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The following is a cross-post from Becky at Becky not Becky.

Our oldest child is one year away from Kindergarten.  That statement is probably not as surreal for you as it is for me, but there it is.  My son is a pre-schooler in the literal sense of the term.  And for my husband and me, that means it’s time to evaluate our education options.

I am a big believer in public education.  I went to public schools, as did my husband, and while we had different experiences, we were both served pretty well when it came to the basics.  Both of us had opportunities to explore our interests in and out of the classroom.  Both of us had encounters with loving adults (and some not-so-loving ones) who in one way or another helped to direct the course of our lives.  We support public education, and we are proud to say that next year, our boy will be beginning his formal education at a neighborhood elementary school.

But as happy as I am about our decision, I’m sad to say that it was a forced one.  You see, while friends of ours are looking intensely at three different but equally weighted options, we were ruling out homeschooling and private schooling as possibilities.  We’ve known since our kids were born they’d most likely be public-school bound.  And recently, I’ve become frustrated and jealous reading about the wonderful experiences of moms who homeschool.  I’ve felt scorn for those who send their kids off to Christian schools, where they will learn at the feet of teachers who profess and confess a love for Jesus Christ.  I’ve felt this way because I want those choices, too.  But the biggest source of aggravation is knowing that I can have them, and I don’t.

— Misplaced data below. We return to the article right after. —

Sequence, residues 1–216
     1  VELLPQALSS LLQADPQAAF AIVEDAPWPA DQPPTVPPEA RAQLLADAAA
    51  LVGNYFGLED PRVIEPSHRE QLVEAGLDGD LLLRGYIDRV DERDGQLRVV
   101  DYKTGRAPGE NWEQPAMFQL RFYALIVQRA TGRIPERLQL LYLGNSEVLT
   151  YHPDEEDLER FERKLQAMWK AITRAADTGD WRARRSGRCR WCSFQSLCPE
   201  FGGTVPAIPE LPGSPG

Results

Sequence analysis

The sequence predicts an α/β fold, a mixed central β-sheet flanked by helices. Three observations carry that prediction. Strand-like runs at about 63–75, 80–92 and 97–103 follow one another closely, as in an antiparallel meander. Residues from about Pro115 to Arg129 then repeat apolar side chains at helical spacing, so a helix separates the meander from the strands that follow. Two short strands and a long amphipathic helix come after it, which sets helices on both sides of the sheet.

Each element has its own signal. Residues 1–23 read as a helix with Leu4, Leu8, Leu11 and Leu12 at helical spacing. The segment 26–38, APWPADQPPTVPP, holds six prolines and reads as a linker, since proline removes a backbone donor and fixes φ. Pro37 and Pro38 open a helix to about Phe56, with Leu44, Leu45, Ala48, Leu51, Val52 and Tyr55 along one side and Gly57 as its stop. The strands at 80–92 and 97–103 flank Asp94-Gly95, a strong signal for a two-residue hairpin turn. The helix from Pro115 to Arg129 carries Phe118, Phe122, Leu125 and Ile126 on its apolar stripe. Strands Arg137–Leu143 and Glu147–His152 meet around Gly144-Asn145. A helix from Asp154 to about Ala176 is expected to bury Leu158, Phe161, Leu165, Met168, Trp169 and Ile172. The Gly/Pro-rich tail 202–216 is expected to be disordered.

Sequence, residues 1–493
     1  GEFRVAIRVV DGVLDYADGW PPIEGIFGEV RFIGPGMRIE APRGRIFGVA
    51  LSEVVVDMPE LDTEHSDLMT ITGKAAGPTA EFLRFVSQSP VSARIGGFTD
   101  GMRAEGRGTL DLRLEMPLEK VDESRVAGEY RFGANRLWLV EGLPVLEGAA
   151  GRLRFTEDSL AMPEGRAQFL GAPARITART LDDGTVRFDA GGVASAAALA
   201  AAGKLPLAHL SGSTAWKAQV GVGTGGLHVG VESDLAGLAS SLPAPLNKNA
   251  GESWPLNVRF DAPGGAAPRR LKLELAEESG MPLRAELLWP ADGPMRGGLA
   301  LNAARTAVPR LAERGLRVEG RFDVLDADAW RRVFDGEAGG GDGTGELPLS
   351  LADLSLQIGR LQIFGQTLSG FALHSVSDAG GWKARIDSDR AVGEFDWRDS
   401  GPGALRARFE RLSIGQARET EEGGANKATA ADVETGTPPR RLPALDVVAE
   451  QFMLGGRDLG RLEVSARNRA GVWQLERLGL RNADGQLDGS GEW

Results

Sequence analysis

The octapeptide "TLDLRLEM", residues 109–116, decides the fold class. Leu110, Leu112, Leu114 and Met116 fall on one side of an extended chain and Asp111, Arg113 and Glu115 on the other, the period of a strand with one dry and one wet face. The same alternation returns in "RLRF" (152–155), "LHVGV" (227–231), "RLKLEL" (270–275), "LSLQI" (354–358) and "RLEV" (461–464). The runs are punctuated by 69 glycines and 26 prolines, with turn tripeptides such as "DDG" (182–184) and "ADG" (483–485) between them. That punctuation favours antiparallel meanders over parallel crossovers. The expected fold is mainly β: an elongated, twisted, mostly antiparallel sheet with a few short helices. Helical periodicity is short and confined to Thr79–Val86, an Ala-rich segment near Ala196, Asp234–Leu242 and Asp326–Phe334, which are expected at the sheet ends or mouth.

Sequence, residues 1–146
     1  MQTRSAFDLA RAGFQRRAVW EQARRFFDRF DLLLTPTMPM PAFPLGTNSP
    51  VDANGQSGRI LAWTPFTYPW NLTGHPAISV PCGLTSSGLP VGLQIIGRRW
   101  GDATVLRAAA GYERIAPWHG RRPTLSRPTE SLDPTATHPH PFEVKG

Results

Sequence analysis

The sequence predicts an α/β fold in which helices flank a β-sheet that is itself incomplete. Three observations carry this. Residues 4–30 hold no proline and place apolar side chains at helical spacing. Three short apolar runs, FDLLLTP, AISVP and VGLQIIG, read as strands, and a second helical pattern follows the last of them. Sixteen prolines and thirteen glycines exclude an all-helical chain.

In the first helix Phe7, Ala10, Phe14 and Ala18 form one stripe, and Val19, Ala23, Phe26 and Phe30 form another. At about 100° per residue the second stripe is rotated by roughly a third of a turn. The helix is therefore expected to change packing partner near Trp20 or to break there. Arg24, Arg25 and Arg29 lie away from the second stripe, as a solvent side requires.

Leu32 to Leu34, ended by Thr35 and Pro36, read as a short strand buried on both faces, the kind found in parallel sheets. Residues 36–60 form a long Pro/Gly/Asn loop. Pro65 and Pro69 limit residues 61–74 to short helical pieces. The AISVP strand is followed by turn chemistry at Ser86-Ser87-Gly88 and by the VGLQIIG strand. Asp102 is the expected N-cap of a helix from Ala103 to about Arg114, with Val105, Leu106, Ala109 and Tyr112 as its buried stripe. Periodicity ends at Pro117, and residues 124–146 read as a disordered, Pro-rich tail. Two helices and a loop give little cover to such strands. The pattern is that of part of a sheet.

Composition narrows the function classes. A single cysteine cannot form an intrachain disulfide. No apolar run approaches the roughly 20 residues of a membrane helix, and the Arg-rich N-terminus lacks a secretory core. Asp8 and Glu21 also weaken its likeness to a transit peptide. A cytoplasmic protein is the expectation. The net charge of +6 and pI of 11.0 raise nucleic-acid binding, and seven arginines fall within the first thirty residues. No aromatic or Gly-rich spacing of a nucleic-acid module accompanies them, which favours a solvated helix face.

Several years ago, long before we had kids, my husband and I decided that whatever our own biological capabilities, we were going to pursue adoption at some point in our marriage.  We’d had friends who went through infertility and turned to adoption after failed attempts to build their family on their own.  We’d had friends who adopted internationally, transracially, and locally: some through fostering first, some with specificity that they wanted a certain kind of baby.   Given the wide range of experiences being open to adoption can bring, and given that any number of those options could make our lily white family less monochromatic, we began to evaluate our church, our community, and our lives for diversity.

We were found wanting.  We went to a white church.  I taught, for the most part, in a white school.  We had white friends.  If we were going to open our lives for an adopted child, we’d have to radically change the spectrum of influences and relationships we had in order for that child to feel at home and free to explore their own identity in a safe context.  But then, in reading more about race, racism and racial identity development, we discovered something we’d never considered.  What does all this homogeneity mean for our biological white children?

What experience were we giving them raising them in such an isolated context?  Thankfully, through very little work on our own part, the Lord moved us to an area where no matter where we chose to live, we’d be making a choice for diversity.  We visited churches and prayed about where to attend and in every case, we made racial diversity a factor.  Our current church is developing satellite campuses, and in the last few years, this has helped to broaden the membership beyond the occasional inter-racial couple, and our satellite is reaching out to communities of color and reflecting all these changes in staff hiring. I’m still not sure if these moves are intentional on the part of our church leadership (though we have one elder pushing hard for it), but God is moving our church in a direction that we feel is consistent with our family’s values.